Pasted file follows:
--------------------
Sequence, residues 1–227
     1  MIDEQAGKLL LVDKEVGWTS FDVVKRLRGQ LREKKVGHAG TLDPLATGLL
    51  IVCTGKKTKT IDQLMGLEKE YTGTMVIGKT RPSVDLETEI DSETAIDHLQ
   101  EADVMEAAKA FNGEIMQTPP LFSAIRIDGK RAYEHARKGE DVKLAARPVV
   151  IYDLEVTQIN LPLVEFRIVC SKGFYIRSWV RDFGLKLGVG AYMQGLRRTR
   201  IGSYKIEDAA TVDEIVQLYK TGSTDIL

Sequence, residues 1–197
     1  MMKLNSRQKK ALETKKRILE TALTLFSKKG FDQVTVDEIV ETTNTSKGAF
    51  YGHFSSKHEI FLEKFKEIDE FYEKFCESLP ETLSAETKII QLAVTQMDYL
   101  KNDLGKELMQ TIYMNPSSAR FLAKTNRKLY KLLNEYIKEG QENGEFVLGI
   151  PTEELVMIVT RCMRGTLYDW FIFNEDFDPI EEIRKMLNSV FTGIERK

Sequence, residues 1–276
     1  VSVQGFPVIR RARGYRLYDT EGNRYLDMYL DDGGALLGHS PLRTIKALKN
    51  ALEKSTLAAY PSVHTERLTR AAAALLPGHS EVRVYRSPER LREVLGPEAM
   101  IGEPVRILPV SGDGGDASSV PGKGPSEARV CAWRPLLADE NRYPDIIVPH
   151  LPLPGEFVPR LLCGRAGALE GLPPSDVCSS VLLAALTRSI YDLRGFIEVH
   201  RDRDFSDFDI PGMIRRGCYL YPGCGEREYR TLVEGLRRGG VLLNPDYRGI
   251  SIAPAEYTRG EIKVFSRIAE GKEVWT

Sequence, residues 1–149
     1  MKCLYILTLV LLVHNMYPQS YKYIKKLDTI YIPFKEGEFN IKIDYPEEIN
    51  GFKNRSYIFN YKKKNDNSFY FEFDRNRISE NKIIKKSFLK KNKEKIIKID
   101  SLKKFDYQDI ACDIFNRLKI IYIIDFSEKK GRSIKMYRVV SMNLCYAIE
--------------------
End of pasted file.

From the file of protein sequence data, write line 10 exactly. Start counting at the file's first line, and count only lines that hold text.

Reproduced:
   101  KNDLGKELMQ TIYMNPSSAR FLAKTNRKLY KLLNEYIKEG QENGEFVLGI